For example, I have been marginalized on a number of occasions by the so-called powerful men and ladies here in Accra and even back in my region. Often I am not invited to attend meetings out of fear that I will get to know the bad tricks that the "big men" play on innocent Ghanaians. On a number of occasions I have received anonymous letters and telephone calls threatening my life and warning me because I organized a press conference on some major issue that directly affected the government.

Despite the many threats and open hatred displayed by some of my fellow parliamentarians, and more so by those in the cabinet, and despite the absence of other opposition parliamentarians in this Third Republic Assembly, I stand as a lone tree in a desert, without support of any kind. Still, I do not regret standing for election in 1992 and entering parliament after my election. I have gained a lot of experience through this job--something that someone with billions of cedis could not buy in any part of the world. It has been a sweet and savory taste these past three years. I have enjoyed the work and would like to be voted back so I can continue the fight for social justice and political openness.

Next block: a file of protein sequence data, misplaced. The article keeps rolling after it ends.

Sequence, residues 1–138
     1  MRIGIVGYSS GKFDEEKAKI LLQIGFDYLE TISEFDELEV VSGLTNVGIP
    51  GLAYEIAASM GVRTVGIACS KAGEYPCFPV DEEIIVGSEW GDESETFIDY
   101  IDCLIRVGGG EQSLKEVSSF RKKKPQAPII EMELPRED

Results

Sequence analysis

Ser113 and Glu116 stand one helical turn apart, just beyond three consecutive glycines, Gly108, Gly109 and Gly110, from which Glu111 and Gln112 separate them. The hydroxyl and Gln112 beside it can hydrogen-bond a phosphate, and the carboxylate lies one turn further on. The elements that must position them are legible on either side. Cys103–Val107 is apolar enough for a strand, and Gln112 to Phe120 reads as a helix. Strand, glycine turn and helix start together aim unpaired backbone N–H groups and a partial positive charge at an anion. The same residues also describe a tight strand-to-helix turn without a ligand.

I believe I have made and continue to make reasonable and positive contributions to parliamentary debates on most topics. And it seems as if I carry the voice and weight of ten opposition members. I have been fearless and vocal both in and outside parliament in representing both my constituents and the opposition parties that did not participate in the elections. It is no wonder that some people to call me "Iron Lady." I work very hard under extremely difficult conditions, yet am able to withstand the heat, comparable to real iron. I am just thankful to my God for giving me the strength of mind and courage to be able to carry out my expected role down here in Accra.